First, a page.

Being a 20something in this day and age can be hard. Especially through the eyes of us 20somethings. Love, work, relationships, money. It’s hard to achieve success. Oh who are we kidding. This generation tends to exaggerate the woes of life. And to help emphasize this are the Olsen Twins, the former child stars who no longer want to be famous. In The Flea’s production of Mary-Kate Olsen is in Love, we watch Grace and Tyler, a young married couple experiencing the monotony of life. And the Olsen Twins and a “Call of Duty” Soldier are present to aid them in realizing life sucks and the only way out of it is to do something about it.
Mallery Avidon’s script has some nice, genuine moments but overall seems to be too confused itself to be a knockout. It is very clear why the play was presented as it has poignant themes, but why this play may not have such a clear answer. Of all celebrities in the world, why the Olsen twins? Why do these two dominant this poor woman’s mind? What do they mean to her? The lack of clarity to this central point leaves a lot of questions unanswered to the true character of Grace. The other big script question is the Amazing Girls. To no fault of their own, the Amazing Girls make no sense in the world of the play, except perhaps at the very end when you've already written them off, and serve as filler or need to add more to the cast. Clarity to their presence was much needed as well.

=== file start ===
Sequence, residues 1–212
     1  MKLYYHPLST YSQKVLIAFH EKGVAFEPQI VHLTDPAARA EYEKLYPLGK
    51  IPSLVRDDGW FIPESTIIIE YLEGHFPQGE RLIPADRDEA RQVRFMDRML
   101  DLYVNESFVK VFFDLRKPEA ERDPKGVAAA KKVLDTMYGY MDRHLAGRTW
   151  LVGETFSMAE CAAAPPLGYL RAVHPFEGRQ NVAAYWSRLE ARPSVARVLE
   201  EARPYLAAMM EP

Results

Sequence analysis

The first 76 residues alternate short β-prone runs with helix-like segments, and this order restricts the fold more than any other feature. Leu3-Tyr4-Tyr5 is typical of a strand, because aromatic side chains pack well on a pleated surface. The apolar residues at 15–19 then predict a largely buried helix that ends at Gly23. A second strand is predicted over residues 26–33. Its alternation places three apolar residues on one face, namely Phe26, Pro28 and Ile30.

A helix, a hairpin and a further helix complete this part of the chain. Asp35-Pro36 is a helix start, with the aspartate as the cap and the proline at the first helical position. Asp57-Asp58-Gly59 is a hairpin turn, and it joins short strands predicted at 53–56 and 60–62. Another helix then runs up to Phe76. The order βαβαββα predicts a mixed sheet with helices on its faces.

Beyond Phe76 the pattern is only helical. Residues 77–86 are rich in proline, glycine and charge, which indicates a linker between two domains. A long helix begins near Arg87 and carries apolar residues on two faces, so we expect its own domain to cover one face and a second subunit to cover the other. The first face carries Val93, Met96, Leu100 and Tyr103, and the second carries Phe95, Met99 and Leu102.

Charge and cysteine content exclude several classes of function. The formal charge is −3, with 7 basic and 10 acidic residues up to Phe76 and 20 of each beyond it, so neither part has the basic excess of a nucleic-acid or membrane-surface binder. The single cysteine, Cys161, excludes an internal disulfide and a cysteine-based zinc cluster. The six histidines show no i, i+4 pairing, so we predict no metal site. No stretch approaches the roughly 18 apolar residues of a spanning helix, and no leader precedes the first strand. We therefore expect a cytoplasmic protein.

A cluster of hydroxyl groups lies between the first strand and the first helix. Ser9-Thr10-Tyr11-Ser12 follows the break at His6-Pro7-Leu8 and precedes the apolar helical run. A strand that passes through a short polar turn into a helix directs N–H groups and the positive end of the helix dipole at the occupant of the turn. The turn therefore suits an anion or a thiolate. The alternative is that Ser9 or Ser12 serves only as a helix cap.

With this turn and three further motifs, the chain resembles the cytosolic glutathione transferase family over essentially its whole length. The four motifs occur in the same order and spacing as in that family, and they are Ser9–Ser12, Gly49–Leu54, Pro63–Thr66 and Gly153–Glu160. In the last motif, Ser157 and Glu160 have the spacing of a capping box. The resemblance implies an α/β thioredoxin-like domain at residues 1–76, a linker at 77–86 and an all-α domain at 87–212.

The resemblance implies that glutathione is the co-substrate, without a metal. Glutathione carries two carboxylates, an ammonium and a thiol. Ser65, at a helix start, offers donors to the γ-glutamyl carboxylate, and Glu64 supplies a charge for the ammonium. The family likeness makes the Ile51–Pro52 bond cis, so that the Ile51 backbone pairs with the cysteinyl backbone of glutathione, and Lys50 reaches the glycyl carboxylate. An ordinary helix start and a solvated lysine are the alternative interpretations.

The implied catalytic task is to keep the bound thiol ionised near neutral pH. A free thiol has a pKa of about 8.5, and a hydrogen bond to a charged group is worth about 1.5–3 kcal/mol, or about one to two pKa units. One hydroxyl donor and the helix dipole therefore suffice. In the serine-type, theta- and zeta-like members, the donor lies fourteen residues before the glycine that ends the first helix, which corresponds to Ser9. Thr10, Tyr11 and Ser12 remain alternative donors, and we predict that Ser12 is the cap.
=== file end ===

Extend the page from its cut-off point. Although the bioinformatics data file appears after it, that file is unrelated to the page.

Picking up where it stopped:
The world of the play is very present, from reality to insanity. Kristan Seemel establishes a maze for Grace to navigate. Her overall direction leaves much to be desired. There are some rich ideas that seem to be lost in translation. Scott Tedmon-Jones’s set has some cool surprises, but the pink chain-link that is the main focal point of the design is a lot to look at. The transformation the set takes when the girls go to Tahiti is quite lovely. John Eckert does a nice job with his lighting design, bringing color and life to the black space.
Mary-Kate Olsen is in Love is a messy miss. Maybe with better execution it would serve as a strong satire, but currently it’s a scattered assortment of ideas that don’t seem to serve as a call out on love in the 20something generation.